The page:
Top 10 Myths About Solar Electric for The Home

  1. You Can Get an Accurate Quote over the Phone.  Pricing a Solar Electric System requires detailed measurements of the roof and positioning of your home - combined with an analysis of the utility electric tariff structures in your area and your consumption patterns.  While many assumptions can be made to come up with a quick assessment of the price, there is no substitute for having a qualified solar installer visit your home.
  2. The Bigger the System the Better.  Depending on the size of the roof, the typical home can accommodate a system from 2-8kW in size.  If you build a system that is above your needs it will generate excess electricity for which the local utility will not give you credit. 
  3. Solar System is Zero Maintenance.  Solar panels need some type of cleaning every few months to remove dust and other particles which will reduce performance over time.
  4. Key Equipment Will Last 30+ Years.  The performance of most solar modules is guaranteed for between 25-30 years.  However, the complete solar electric system also includes an inverter which converts the direct current (DC) to alternating current (AC) used in your home.  Inverters, which make up 10% of the total cost, typically last 10 years and will need to be replaced a few times (potentially) over the life of the solar system.
  5. System Price is Everything.  Competition among solar installers is intense and price is a major issue.  Homeowners should consider what they are getting if they select the lowest bidder for an installation.  The installation process requires engineers to attach the solar array to the roof of your home; homeowners should ensure that the installer has a valid insurance policy in the event that the roof is damaged or begins to leak; installer warranties are typically five years.  Simple questions you should ask yourself include will your installer be around for a long time and how experienced is the installer crew.
  6. Leasing a System is the Cheapest Way to Go.  Various lease financing options are now available for installing solar and some even offer zero $ down pricing options.  Things to think about include; what happens in the event you sell your home during the lease period, is there a price escalator in the lease and how much will the system cost at the end of the lease?  One of the major benefits of owning a solar electric system is that it protects the homeowner from significant increases in electricity prices in the future.  If your system is leased, and you have to pay a large “residual” price for the system at the end of the lease period – this benefit goes away.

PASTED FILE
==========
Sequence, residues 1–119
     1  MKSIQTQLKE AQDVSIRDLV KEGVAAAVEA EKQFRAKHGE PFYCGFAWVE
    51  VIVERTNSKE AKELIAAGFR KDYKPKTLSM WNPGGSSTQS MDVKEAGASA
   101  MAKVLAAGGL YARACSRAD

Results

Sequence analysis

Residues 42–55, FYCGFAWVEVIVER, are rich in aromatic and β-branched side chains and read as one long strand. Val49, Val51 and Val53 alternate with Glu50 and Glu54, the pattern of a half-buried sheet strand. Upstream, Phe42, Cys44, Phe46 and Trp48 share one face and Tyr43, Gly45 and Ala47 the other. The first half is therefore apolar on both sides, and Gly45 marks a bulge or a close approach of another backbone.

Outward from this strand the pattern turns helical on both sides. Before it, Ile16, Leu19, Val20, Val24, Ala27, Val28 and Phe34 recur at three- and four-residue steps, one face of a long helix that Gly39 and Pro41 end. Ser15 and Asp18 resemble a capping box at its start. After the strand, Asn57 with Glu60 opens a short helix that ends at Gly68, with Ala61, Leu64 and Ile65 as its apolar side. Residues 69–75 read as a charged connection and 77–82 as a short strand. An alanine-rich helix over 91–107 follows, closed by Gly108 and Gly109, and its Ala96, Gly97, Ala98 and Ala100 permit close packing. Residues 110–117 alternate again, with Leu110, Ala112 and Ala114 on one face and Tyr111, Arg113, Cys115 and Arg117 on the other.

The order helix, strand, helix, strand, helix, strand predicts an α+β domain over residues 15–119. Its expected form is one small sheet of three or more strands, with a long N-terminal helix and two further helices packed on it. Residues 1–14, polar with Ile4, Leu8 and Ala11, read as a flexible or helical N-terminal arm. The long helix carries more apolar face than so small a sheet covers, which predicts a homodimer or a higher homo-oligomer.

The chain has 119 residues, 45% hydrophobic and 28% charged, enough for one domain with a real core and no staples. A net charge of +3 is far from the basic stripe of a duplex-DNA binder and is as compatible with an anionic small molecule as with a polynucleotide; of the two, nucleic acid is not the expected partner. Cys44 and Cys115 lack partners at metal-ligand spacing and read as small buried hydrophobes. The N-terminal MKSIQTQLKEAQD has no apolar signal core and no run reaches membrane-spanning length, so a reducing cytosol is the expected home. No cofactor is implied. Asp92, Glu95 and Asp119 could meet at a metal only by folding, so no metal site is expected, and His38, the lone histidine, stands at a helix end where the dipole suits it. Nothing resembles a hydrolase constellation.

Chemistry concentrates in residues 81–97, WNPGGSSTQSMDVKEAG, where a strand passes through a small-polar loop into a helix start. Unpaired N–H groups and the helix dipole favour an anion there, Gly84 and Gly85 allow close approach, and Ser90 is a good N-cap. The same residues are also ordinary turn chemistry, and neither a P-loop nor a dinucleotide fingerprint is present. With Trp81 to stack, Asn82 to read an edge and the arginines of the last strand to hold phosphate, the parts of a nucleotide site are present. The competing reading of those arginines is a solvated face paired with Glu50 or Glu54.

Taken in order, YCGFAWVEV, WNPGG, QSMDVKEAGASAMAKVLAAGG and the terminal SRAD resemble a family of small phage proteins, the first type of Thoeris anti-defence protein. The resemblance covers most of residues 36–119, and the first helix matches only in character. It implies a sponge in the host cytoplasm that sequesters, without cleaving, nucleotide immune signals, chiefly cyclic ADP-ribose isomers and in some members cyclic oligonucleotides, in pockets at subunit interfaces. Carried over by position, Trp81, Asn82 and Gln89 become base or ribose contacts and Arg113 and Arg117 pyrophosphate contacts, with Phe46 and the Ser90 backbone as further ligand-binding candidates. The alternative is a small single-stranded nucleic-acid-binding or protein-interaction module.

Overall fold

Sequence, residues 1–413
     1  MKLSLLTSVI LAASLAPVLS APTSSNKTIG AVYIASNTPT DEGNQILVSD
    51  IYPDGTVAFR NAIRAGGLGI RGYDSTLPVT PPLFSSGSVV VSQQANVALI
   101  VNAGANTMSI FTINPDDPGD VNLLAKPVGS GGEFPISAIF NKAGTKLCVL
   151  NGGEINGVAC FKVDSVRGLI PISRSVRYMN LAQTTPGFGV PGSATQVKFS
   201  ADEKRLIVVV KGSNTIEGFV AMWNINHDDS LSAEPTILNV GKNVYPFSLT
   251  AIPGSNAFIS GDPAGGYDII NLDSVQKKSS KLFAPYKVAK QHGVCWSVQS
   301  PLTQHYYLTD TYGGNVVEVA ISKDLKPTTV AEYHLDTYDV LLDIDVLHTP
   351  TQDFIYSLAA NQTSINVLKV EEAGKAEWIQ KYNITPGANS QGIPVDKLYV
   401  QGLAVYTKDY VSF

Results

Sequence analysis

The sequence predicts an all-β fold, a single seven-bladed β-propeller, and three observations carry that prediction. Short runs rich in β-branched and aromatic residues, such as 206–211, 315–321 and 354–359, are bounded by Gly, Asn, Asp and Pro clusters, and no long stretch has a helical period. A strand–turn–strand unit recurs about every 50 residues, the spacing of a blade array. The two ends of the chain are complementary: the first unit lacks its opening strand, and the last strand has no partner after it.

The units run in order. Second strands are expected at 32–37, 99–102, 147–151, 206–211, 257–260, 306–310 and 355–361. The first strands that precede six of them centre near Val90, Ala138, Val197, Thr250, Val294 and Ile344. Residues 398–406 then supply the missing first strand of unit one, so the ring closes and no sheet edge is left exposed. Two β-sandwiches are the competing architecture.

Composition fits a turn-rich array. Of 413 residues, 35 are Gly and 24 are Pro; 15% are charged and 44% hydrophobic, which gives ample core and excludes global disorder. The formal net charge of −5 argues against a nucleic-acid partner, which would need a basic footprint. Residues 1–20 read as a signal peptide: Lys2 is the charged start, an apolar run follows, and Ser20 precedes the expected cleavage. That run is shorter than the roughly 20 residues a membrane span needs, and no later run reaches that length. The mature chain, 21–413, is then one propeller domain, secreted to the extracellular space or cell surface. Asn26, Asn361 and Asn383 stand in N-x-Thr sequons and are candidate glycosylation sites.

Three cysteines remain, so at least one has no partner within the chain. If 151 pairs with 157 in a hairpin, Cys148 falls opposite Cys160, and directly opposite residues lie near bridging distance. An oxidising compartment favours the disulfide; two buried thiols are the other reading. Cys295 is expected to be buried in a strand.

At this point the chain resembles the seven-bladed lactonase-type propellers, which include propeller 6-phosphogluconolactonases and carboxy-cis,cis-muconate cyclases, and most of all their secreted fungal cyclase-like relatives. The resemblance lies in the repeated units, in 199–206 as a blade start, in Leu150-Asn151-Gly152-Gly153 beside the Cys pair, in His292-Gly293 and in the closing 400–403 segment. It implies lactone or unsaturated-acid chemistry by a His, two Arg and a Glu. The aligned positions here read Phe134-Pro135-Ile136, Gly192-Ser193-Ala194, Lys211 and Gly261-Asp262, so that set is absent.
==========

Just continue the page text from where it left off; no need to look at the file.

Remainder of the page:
7. All Solar Mounting Systems are Made Equal.  There are a number of ways to attached a solar array to the roof of your home, depending on the type of roof (flat versus sloped) and the type of roofing material (shingle, slate, tile).  Ask your installer about the system they plan to use on your roof and what there experience is with the product.
  8. All Incentive and Rebates are Tax Fee.  Solar incentives now come in a variety of forms including Federal, State/Utility and local.  Each attracts a different tax treatment and you should be sure to check with your installer and tax advisor to ensure you understand the (after-tax) $ discount you are expecting. 
  9. Once Installed, You Can’t Make any Changes to the System.  This is actually not the case.  Solar is modular.  If you have a meaningful change in electric consumption (i.e. have a few more children In the home or buy and electric car), additional solar panels can be added to the system assuming there is sufficient room on the roof and the inverter is large enough.   
  10. Solar Will Not Work for My Home Due to its Location.  Successfully deploying solar is highly dependant on location – many people assume they are in the wrong place.  Many parts of the States are subject to unique micro climates that may make solar viable; these include areas near the coast, in the mountains, or in colder parts of the northwest and northeast.